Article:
Re: Asteroid explosion energy distribution.
Fri, 19 Mar 1999 21:05:07 -0800
Allen Roy wrote:
> > From: Massie <firstname.lastname@example.org>
> > Have you seen the astreroid crater in Arizona.
> One of the advantages to being free to offer part time bus driving to the
> local public school is to drive the kids on field trips. Today we just
> poped over to Meteor Crater again. So yes, I have seen Meteor Crater.
> > You see this and then
> > tell me that the majority of the energy is absorbed in the atmospheric
> > shock wave.
> Perhaps the two examples I gave confused you. The bomb at Hiroshima and
> the Tunguska asteroid both exploded in the air. Thus shock waves in the
> air were the primary used of the energy generated these explosions. The
> point of the examples was to show that atomic and asteroid explosions do
> not primarily generate heat, but that most of the energy is channeled into
> shock waves.
> When the asteroid is large enought to reach the ground, then you also have
> shock waves in water (mega-tsunami) and the P and S waves in the ground
> > The statement that the energy is mainly dissapated in heat is in some
> > since absolutely true because all energy eventually ends up in some low
> > grade heat.
> This is true, but atomic and asteroid explosions generate mostly
> destructive shock waves and some heat.
> > But this is not the point. Let see if we can list the channels:
> > Atmospheric shock waves.
> > Water waves and ground waves (acoustic as well(shock waves are a form of
> acoustic waves.)
> > Heating of the area struck (ground or water).
> > Ejecting of fragments (they carry kinetic energy).
> If you will notice, this is the same list I made:
> > > Thus we can conclude that the major part of the energy of the asteroids
> > > will be disipated by shock waves in the air, by evaporation and
> > > mega-tsunami in water, and by rocks and dust thrown into the atmosphere
> > > along with P and S waves in the ground. There will be some primary
> > > generated by the explosion. Secondary heat will also be generated by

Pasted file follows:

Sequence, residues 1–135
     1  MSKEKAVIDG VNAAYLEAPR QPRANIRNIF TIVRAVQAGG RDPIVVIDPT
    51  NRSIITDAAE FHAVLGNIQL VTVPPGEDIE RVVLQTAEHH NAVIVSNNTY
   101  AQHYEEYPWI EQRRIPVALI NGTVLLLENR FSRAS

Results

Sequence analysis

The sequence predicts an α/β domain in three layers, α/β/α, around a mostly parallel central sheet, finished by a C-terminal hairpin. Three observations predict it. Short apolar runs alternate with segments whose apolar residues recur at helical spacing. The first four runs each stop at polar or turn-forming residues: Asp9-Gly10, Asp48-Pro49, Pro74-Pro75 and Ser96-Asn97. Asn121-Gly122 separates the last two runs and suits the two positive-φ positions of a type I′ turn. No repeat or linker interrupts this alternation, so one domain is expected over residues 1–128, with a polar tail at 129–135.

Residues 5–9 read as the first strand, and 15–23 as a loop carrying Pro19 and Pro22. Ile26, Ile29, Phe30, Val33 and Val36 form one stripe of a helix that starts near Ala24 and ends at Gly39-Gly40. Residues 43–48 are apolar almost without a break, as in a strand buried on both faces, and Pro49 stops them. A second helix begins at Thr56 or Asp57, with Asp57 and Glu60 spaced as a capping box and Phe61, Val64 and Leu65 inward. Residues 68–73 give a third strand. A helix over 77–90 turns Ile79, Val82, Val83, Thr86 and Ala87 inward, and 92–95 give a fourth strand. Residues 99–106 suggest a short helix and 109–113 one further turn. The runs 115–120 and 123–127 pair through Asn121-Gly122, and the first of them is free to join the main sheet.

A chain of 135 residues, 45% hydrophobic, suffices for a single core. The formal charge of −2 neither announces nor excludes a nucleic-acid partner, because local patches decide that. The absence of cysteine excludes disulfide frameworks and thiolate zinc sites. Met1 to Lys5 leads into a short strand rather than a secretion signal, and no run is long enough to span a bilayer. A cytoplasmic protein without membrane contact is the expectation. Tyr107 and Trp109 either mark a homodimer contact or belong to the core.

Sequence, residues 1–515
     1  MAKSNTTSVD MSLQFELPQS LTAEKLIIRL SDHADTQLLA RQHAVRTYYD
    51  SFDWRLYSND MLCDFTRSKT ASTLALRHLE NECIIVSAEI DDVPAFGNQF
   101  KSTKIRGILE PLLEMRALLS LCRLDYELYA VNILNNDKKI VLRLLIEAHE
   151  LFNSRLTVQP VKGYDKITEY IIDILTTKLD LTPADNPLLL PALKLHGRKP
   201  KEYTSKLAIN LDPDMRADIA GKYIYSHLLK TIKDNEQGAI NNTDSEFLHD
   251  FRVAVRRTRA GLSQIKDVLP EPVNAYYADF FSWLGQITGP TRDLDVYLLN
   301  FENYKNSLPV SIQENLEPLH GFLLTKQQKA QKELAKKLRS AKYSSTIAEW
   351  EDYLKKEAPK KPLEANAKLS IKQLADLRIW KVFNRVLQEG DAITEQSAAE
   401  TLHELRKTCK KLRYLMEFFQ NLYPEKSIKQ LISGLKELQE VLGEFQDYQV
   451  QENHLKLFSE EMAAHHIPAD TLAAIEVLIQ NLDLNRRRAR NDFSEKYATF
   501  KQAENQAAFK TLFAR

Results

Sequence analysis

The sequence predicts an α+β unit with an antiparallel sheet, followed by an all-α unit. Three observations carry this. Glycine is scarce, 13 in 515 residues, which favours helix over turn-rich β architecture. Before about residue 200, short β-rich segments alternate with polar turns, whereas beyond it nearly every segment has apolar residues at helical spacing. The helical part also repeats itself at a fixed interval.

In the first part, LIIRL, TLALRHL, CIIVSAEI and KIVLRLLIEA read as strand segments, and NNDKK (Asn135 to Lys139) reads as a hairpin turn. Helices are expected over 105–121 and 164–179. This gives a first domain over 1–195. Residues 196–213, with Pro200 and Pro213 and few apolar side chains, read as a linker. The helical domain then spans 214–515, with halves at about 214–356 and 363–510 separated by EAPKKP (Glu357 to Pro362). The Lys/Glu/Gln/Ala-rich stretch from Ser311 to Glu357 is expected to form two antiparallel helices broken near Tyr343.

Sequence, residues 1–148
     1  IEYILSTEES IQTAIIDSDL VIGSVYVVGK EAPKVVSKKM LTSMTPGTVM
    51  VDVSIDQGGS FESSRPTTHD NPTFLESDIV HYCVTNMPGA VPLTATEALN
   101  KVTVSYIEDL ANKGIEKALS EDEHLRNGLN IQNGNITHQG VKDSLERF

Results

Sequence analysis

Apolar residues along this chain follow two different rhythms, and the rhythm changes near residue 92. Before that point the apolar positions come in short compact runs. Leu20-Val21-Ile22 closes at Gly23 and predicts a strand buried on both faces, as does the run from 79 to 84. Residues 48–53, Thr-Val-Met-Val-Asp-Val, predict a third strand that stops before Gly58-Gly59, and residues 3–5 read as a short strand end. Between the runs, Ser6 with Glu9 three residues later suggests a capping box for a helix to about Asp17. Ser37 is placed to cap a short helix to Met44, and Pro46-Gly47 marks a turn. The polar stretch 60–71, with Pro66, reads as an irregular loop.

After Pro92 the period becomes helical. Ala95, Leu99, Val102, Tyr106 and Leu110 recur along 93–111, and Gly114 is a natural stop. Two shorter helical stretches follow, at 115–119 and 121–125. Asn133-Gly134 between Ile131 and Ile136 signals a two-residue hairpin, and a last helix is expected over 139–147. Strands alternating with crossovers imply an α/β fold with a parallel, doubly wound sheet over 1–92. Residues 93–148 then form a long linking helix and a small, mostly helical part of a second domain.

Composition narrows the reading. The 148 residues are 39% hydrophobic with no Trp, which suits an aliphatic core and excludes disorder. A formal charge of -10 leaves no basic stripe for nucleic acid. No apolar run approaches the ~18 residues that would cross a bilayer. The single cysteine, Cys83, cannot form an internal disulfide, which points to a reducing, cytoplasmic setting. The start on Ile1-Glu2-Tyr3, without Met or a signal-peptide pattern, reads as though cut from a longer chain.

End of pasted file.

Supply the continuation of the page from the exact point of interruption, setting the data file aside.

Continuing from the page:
> > > following fires, volcanism and plate tectonics.
> > What I think is howeve the real issue is that so much of this is
> > supposed to happen is such a very short time. Any of these objects
> > alone could shove the earth into a quasistable climatic state that is
> > way off of the equilibrium we enjoy. I am not just talking about some
> > extra rain storms but something a lot more catastrophic, such as the
> > proposed nuclear winter. Thus, the real impact may be difficult to gage
> > but the real problem is the theory that all of these super energetic
> > events are being postulated in 40 days or so without any justification
> > based on physical evidence or analysis of how this tremendous amount of
> > energy would impact the planets stability or the destructive events such
> > as shock waves, global fires, tsumanis, enourmous earthquakes and the
> > like.
> I agree. From what I have read so far, there is alot of disagreement on
> just how destructive these impacts would be. Even one as large as Chixilub
> may not initiate global climatic catastrophe by itself. I tend to think
> that many of the proposals are exagerated to try to account for the
> extinction of the dinosaurs.
> Most of the craters are very small. From an online list, I notice that
> only 6 or 7 craters are 100 km or larger. The average is likely about 20
> km across.
> The physical evidence is the craters in the strata designated as flood
> strata. The analysis is in progress. This analysis is expected to show
> that enough energy was transferred to the planet to cause a catastrophe,
> but not so much so that the Ark and those inside could not survive.
1. The schock waves from Tungusta and Hiroshima and some nuclear weapons
use planes are the most effective for destruction over wide areas in the
immediate but not nescessarily the greatest energy dump mechanism.
2. Small meteriors burn up in the atmosphere dumping matter, heat, and
shock waves into the atmosphere. Immediately the shock waves dissapate
into heat so the immediate residual is heating of the atmosphere.
3. When the meterior is large enough or slow enough the coupling to the
atmosphere is lower and the object strikes the ground. In spite of the
shock waves effects on surrounding areas, greatest destruction is not
equal to greatest energy loss.
The answer lies only on carefull analysis of the energy channels for the
larger asteriods. Incidently, Tungusta is theorized as a commet and
partly becuase of hte lack of a crater.
When you get a crater 100 km in diameter you simply cannot say that more
than a tiny fraction of the energy was bled off aerodynamically. It
went into forming the crater which ejected a lot of hot gasses and rock
into the atmosphere and then caused fires when there was something to
combust and in any case a lot of difficult to model global atmospheric
If such an enormous hit struck the oceans, the modeling should be
simpler: Enourmous tsumanies world wide and lots of steam. Bert Massie